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U.S. Senate tries again on computer chip bill to compete with China


WASHINGTON, July 19 (Reuters) – The U.S. Senate is set to vote Tuesday on a slimmed -down version of legislation that would provide $ 52 billion in subsidies and tax credits for the computer chip industry, more than a year after pass the first version of a law that increases semiconductor competition in China.

The bill is part of U.S. efforts to address the industry -wide chip shortage that has hampered production in the automotive and electronics industries, forcing some companies to lower production.

Senate aides say the bill would include a new, four-year 25% tax credit to encourage companies to build plants in the United States in response to growing calls to reduce the reliance of other countries for semiconductors.

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Democratic leader in the Senate majority, Chuck Schumer, announced that a first round of voting will take place on Tuesday, calling for making the U.S. semiconductor a matter of national security as well as a source of jobs.

Senate aides said the goal is to pass the bill early next week. They will then send the bill to the House of Representatives, whose approval will send it to the White House for President Joe Biden to sign the law.

“The message isn’t subtle: If companies don’t think it’s worthwhile to make chips here in America, they’re going somewhere else,” Schumer said in his opening remarks in the Senate on Monday.

Many large weapons also require sophisticated computer chips. The Javelin missile system developed by Raytheon Technologies (RTX.N) and Lockheed Martin Corp each has 250 microprocessors. These systems were as demanded by the Ukrainian military as they worked to repel the Russian invasion of Ukraine.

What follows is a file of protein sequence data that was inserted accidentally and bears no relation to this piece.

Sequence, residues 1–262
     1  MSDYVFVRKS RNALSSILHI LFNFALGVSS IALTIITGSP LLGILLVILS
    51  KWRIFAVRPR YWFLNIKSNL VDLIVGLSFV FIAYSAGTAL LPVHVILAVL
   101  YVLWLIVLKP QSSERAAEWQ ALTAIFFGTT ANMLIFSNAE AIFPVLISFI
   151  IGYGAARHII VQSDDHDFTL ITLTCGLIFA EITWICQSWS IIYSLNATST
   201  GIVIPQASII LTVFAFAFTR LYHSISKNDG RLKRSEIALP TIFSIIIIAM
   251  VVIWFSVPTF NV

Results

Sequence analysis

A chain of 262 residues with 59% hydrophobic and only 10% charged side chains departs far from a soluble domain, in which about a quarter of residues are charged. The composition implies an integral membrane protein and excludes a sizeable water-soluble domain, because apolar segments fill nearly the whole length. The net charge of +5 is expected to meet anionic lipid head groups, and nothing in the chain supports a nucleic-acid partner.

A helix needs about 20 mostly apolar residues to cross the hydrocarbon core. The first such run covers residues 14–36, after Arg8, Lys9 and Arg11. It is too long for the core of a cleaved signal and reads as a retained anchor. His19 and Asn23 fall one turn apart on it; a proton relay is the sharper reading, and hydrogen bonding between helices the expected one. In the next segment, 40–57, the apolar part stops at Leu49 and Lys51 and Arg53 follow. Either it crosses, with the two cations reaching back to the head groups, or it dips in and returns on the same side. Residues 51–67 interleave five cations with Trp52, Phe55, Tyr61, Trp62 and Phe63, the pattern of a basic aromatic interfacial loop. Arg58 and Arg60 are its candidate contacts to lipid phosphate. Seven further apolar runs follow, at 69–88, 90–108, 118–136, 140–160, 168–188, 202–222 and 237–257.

INTEL EXPANSION PLANS

Intel Corp. (INTC.O) said in January it would spend $ 20 billion on an Ohio factory after demolishing two new plants in Arizona last year. That could grow to $ 100 billion with eight total fabrication plants and is the largest investment on record in Ohio, Intel Chief Executive Pat Gelsinger said in January.

However, he added that without government funding, “it won’t happen that fast and it won’t grow that fast.”

Administration officials urged lawmakers last week to pass the bill, citing other issues of concern about national security.

The current bill is a pared-down version of rival Senate and House of Representatives bills that were stalled before becoming law, even if support for improved competition in China is one of some parts of the agreement. between Biden’s Democrats and Republicans.

The Senate approved a bipartisan $ 250 billion bill that would increase spending on research and technology development in June 2021, one of the first major pieces of legislation passed after Democrats gained their little control over camera.

However, the legislation never got into the Democratic -controlled House, which earlier this year passed its own bill with almost no Republican support. That move includes provisions to boost chipmakers, but also billions of dollars for other supply chains and the Global Climate Change Initiative, which Republicans oppose. read more

Urged by the administration to do something, lawmakers have recently begun working more urgently on streamlined legislation targeting semiconductors.

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Reporting by Patricia Zengerle; Edited by Leslie Adler and Josie Kao

Our Standards: The Thomson Reuters Trust Principles.



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